Then again, I was proved wrong in a really huge way this weekend also, so I might not know what I'm talking about after all. And it didn't concern directions or the year something happened or even the price of a food item. It was writing-related. From looking at my posts here and there, listening to the comments I make and how I make them, you might have gathered that I'm a nerd. And not the good kind either. My areas of over-specificity have to do with the hobby and the collectible, the types of things that require one to crowd around tables and hardly ever date.And what I learned this weekend was my particular brand of nerd has a certain skewed understanding of entertainment. Or should I say fallacious.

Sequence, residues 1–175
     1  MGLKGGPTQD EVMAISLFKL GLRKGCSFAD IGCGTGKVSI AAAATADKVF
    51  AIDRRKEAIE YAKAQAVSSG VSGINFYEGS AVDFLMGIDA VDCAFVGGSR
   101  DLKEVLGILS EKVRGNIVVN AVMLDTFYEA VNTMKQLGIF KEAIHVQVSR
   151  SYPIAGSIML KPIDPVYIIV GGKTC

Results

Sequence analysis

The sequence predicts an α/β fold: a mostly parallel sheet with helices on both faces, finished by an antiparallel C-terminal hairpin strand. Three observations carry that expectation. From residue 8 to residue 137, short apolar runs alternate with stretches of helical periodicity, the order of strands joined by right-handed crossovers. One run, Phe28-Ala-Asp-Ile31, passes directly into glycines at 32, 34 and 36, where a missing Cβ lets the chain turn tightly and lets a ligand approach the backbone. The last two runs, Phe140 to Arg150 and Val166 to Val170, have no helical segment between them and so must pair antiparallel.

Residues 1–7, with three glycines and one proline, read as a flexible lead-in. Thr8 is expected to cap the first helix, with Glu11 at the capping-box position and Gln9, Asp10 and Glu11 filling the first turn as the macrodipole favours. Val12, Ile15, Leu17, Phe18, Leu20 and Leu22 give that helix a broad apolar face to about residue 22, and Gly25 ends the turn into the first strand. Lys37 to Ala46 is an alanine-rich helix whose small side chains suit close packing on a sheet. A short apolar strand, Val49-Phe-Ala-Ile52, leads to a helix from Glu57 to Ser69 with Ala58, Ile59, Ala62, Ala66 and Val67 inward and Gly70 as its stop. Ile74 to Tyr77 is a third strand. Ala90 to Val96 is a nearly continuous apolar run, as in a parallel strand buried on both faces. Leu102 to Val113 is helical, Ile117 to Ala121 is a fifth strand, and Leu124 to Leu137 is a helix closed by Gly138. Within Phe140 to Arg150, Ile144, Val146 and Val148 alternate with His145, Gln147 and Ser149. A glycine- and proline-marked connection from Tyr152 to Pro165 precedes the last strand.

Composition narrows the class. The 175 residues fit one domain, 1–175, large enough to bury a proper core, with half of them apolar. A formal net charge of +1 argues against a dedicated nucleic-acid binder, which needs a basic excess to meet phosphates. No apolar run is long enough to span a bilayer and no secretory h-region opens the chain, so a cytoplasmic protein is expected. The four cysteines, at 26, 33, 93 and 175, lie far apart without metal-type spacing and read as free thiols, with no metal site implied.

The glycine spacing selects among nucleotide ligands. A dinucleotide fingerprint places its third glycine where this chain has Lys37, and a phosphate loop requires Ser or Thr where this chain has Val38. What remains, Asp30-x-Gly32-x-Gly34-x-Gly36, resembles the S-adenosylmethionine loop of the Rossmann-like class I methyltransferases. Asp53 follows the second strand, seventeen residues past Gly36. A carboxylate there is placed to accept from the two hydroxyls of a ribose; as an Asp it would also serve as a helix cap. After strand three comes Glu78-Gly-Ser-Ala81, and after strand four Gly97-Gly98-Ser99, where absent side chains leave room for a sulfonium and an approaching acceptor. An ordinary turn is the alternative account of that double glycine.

Because the theory passed along to me by a good friend was simply called the Nerd Fallacy. This fallacy is the reason why for certain movies and shows like Star Trek or Stargate have vast, fact-obsessed followings that compile living knowledge hubs for their obsessions, or wikis: pages upon pages of documented material where people not unlike myself painstakingly post things that can be construed as facts for those settings and worlds. The facts each have documentation, a certain episode, a certain line, which is used much like an academic uses canon. Superman's costume is never destroyed because of said in this issue published on that date. The Millenium Falcon goes this fast, which is why it can outrun Imperial cruisers, which were mentioned to travel at this speed. And I can admit that there is a certain security in facts. Academia has a similar characteristic. A scholar cannot make unqualified statements. Their own ideas must be backed up by reputable sources that are even more credible than them. I suppose that's why the two major sides of me interface so easily.